Time is the enemy of even the most zealous exhibition fan. Stepping into the time capsule of a historical show never meant to be preserved is an unexpected pleasure. “Mathematica. A World of Numbers … And Beyond” by Ray and Charles Eames outlasted more than six decades. It was originally created for the California Museum of Science and Industry in 1961 where it held the title of the longest running science exhibit when it shut its doors in 1998. Its immense popularity had produced several copies, among others for the New York World’s Fair in 1964.
A few years ago, the ‘64 copy was installed at the Henry Ford Museum in Dearborn, Michigan, complete with all original display cases. A timeline breaks down mathematical discoveries since the eleven hundreds. Large apparatuses move at the push of a button to illustrate the single surface of a Möbius strip or let you examine the effects of projective geometry. You can watch minimal surfaces appear and disappear in the blink of an eye in a bath of soap suds.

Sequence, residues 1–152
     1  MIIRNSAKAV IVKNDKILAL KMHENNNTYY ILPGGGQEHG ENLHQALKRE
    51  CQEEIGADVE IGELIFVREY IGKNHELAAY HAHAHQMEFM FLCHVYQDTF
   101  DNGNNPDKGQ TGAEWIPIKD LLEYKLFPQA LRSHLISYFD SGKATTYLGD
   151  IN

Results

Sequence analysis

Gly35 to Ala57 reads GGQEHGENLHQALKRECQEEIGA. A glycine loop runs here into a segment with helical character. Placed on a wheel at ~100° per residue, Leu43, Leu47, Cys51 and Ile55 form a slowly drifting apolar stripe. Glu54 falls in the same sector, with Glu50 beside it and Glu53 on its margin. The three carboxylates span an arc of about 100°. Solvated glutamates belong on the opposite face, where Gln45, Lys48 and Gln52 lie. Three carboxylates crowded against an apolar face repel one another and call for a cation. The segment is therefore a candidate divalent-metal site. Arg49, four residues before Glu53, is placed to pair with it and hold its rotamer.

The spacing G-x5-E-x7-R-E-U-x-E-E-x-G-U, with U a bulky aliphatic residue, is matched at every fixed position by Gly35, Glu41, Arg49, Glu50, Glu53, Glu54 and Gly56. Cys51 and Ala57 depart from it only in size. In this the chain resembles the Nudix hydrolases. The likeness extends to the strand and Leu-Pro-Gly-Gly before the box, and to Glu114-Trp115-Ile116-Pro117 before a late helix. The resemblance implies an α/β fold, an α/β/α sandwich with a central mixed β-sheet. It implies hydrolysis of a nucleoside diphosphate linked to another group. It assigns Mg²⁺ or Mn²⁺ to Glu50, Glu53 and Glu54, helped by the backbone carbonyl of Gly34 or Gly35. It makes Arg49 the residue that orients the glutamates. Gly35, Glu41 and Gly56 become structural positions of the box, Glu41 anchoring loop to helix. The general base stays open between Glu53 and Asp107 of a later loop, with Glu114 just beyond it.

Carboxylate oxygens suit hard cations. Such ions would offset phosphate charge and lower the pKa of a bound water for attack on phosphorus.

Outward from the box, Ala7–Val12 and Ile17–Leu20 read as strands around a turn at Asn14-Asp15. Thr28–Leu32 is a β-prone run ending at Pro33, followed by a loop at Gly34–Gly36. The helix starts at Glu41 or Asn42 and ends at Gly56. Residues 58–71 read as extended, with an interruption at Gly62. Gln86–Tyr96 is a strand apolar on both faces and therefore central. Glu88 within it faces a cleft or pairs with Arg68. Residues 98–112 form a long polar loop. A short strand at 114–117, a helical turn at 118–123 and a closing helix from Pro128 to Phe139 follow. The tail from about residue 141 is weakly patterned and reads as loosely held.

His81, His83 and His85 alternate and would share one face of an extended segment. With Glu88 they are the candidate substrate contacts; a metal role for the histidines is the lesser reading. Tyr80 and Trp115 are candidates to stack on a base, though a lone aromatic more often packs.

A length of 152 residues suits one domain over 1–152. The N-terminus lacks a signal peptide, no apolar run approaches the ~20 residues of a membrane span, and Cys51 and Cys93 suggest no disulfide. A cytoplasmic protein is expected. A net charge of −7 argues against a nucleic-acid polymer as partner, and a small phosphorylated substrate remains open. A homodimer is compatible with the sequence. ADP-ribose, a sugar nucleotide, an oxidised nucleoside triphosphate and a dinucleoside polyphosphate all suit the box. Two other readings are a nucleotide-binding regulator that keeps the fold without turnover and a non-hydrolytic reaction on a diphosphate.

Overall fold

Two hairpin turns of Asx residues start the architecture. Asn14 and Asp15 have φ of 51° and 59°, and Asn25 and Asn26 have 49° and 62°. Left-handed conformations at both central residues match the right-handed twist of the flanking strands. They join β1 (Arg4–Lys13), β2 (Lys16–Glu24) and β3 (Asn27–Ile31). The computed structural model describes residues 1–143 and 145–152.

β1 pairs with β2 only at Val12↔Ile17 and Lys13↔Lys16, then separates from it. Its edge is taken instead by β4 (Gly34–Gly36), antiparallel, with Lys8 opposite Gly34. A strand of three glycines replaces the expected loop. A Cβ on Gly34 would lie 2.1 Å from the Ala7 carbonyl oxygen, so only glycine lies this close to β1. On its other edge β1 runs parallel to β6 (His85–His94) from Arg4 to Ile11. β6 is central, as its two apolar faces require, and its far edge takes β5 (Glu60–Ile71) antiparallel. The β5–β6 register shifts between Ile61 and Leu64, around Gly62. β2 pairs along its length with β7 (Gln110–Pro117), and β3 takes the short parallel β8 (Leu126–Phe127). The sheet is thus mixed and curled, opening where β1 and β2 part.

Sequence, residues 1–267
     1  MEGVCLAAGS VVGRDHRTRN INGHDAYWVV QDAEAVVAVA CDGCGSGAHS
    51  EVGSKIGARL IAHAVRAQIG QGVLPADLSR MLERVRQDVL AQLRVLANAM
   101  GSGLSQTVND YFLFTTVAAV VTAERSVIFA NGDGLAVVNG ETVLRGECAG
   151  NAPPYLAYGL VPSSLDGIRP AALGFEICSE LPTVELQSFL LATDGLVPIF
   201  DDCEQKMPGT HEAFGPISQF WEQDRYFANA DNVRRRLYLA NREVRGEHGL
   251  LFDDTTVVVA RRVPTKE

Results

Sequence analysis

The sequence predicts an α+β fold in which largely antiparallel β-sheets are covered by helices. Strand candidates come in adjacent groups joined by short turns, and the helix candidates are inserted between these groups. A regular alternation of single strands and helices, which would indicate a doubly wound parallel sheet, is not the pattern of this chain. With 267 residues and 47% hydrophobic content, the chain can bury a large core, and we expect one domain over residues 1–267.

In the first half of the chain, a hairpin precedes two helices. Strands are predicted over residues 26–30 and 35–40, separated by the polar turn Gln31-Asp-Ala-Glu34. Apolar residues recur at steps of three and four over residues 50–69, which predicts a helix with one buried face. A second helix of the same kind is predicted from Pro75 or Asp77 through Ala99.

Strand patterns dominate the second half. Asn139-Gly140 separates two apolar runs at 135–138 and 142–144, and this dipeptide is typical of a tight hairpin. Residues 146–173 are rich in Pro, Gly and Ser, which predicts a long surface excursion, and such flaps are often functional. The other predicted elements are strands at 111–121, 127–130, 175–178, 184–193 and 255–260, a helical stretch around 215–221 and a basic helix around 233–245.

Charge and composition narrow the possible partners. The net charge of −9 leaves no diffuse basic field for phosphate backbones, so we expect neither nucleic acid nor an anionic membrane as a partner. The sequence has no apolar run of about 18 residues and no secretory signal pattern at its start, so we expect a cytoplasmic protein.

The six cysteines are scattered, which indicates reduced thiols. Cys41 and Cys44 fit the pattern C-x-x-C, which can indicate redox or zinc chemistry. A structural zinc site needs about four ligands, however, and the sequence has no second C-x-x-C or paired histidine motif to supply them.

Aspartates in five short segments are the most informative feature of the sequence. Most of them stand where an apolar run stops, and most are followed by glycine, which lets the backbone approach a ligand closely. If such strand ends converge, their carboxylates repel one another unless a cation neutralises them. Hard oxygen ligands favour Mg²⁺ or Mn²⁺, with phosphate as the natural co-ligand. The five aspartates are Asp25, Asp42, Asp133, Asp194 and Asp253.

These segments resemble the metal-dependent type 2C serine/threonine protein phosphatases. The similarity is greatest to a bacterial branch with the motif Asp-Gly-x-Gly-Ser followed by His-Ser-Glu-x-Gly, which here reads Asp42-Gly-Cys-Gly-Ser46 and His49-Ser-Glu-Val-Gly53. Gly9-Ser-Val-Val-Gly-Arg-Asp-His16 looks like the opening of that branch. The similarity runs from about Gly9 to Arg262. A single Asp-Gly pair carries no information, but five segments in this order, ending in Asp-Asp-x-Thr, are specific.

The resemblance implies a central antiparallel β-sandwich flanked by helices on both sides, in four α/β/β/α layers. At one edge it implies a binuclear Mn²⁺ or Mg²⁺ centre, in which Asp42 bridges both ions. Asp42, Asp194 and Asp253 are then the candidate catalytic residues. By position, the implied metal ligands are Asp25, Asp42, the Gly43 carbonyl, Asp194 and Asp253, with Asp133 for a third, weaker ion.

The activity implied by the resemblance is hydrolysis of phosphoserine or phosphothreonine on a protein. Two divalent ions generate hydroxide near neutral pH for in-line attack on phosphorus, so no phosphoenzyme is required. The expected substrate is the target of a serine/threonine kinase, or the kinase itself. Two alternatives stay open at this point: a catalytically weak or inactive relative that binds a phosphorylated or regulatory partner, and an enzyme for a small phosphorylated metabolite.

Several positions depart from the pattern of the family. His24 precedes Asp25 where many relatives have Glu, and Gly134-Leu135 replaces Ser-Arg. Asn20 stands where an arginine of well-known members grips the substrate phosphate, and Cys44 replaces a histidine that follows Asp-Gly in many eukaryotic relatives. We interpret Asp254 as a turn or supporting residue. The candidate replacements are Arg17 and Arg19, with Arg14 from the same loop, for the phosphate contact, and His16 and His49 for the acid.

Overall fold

It was the Eames’ first exhibition design and still today it’s a hidden masterpiece. The 60s were the heyday of infographics. Didactic diagrams and mechanical models sell even the most abstract scientific concepts. The show combines it all: hook, line, and sinker. Knowledge is just the push of a button away.
But beware of the pitfalls that come with it. Overhead quotes by scientists caution the eager amateur mathematician of the hubris that may befall those who have a way with numbers: “It is a safe rule to apply that, when a mathematical or philosophical author writes with a misty profundity, he is talking nonsense.”
Mathematica. A World of Numbers … And Beyond, Henry Ford Museum, Dearborn, Michigan
since 2016 (created in 1961/64)
concept and design: Ray and Charles Eames